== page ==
Swimming Pool Blog


How to Conserve Pool Water

How to Conserve Pool Water
Rob Cox July 20, 2015

In many parts of the country, swimming pools have become outlaws, on the run against an army of water conservationists. Don't let your pool be attacked by a mob with Pitchforks and Torches, take a look at the many ways that you can reduce your pool water usage, and conserve pool water!

Swimming pools can be water wasters, but they don't have to be. With some simple practices like turning down the heat, and prohibiting cannonballs (Good luck with that!), your pol needn't be a water hog.

Reducing your swimming pool water needs is easy, but it can cost a few dollars. With some simple steps, you can conserve pool water and be able to tell anyone who asks how your pool actually saves water!

Cartridge Filters: A cartridge filter doesn't use backwashing for cleaning, which can use 500 gallons of water each time it needs cleaning. Cartridge filters are removed for cleaning with a garden hose nozzle, using only about 50 gallons of water. An oversized cartridge filter also offers the benefit of operating an entire season without a need for cleaning, until pool closing time, saving even more pool water.

Backwash Less: Many pool owners backwash too often, every week for example. Let your pressure gauge be your guide - backwash when the pressure is 9-10 lbs above the clean pressure. Bumping a DE Filter (backwashing only for 10 seconds), will extend the time between backwashing. Using a Sand Filter Cleaner will help to extend sand filter cycles, or time between backwashes. Another tip is to backwash only for 2-3 minutes, tops. For DE filters, I like to do a 90 second Backwash, then back to Filter for 15 seconds, and then another 90 second Backwash (or 60/15/60/15/60 seconds of Backwash/Filter).

Use Pool Covers: Any type of pool cover will reduce evaporation, heat loss and will save pool water. Even mesh safety covers reduce evaporation water loss by nearly 50%. Solar blankets are an easy way to both add heat to the pool (up to 10° for a sunny pool), and also reduce evaporation by over 80%. The best way to stop pool evaporative water loss is to use an automatic pool cover.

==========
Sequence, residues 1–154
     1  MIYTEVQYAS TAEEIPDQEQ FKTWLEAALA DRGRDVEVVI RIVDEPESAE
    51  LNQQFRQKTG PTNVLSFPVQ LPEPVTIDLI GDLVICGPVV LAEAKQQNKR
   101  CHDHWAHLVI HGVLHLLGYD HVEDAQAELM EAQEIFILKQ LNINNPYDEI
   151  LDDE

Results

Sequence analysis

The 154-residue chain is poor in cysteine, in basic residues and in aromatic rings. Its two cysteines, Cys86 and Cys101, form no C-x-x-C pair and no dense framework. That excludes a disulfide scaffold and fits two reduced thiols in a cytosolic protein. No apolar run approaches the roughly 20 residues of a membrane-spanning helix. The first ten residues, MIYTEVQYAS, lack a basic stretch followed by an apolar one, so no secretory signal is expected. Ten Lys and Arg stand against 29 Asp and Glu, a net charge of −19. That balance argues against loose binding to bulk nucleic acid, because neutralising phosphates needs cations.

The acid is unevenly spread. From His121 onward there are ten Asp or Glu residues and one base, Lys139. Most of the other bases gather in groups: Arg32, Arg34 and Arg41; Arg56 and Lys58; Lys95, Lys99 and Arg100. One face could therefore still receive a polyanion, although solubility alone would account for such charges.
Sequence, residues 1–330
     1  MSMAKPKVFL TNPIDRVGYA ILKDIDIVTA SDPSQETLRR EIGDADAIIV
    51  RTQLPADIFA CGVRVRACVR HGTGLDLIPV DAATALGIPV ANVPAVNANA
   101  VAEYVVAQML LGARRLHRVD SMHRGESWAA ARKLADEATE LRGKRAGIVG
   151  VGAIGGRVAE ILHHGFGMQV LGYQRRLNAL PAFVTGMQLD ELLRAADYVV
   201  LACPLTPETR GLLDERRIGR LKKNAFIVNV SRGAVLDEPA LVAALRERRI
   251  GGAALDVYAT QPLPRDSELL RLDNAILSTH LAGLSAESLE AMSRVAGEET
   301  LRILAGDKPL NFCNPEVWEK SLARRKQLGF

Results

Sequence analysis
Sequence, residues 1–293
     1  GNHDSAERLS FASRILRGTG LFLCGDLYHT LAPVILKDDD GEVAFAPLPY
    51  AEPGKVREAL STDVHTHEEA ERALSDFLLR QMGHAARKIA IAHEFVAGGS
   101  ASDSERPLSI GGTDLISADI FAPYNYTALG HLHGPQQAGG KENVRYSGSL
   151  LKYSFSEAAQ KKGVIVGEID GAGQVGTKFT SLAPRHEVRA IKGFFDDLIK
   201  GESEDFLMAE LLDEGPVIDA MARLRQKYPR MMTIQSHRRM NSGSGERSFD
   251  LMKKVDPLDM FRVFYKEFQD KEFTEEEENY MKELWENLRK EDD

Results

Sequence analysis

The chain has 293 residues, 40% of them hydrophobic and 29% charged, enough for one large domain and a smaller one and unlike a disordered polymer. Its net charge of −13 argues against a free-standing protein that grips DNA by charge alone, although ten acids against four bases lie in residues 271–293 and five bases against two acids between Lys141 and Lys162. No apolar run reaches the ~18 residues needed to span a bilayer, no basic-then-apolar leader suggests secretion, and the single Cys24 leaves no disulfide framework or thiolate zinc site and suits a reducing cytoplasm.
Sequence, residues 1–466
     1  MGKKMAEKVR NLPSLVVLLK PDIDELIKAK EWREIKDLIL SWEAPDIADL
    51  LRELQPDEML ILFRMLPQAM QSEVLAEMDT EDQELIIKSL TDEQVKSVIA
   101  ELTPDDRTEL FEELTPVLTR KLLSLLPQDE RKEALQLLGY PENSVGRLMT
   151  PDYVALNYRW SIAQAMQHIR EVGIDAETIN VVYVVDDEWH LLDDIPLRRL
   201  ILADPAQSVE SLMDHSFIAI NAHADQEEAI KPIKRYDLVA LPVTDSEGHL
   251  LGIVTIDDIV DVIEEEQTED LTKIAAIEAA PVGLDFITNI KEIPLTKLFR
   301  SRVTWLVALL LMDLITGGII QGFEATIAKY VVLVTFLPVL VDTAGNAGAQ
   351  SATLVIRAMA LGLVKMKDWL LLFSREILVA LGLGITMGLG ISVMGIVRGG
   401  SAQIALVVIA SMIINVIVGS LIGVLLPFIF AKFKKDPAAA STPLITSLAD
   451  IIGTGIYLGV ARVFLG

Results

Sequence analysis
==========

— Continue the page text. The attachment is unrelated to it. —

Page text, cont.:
Fix Pool Leaks: An easy win for pool water conservation is to find and fix pool leaks. If your uncovered pool water level drops more than 1/4" per day, you may have a leak. It's not the small drip by the pool pump however; 1/4" of daily water loss in the pool equates to a fairly large leak. The most common pool leaks are around skimmers, steps and pool lights, and leaks out the backwash line.

Sun Shades: Adding some shade to your pool can drastically reduce the sun's evaporative effects; sorry Mr. Sun. Shade can come from installing a Pergola or pool house on one end, planting fast growing evergreens, or installing Sun Sail type shades to keep your water from evaporating so fast. Especially in the sunny south, shading the pool for at least a portion of the day is one way to conserve pool water.

Wind Blocks: Wind is the largest heat thief of your pool, and when it takes heat off the surface, it takes some water along with it. Hedges, fences, wind screens and such can make a big difference if you have prevailing winds, mostly coming from one direction. You can't completely shield your pool from wind, but every little bit will help to prevent pool water loss.

Water Recycling: If you have to drain your pool for repairs, or to change the water due to high levels of undesirables, recycle your pool water! In dry parts of the country, you can rent large vinyl bladders that can hold several thousand gallons. They don't have one big enough for your entire pool, unless you rent several 5000 gallon water trailers to store the water while you work on the pool. An option for poor water chemistry or neglected pools is to hire a mobile water recycling company to come to your pool. They pump your pool water through their reverse osmosis filters, and refill the pool with clean and clear, pure water.

 

- Rob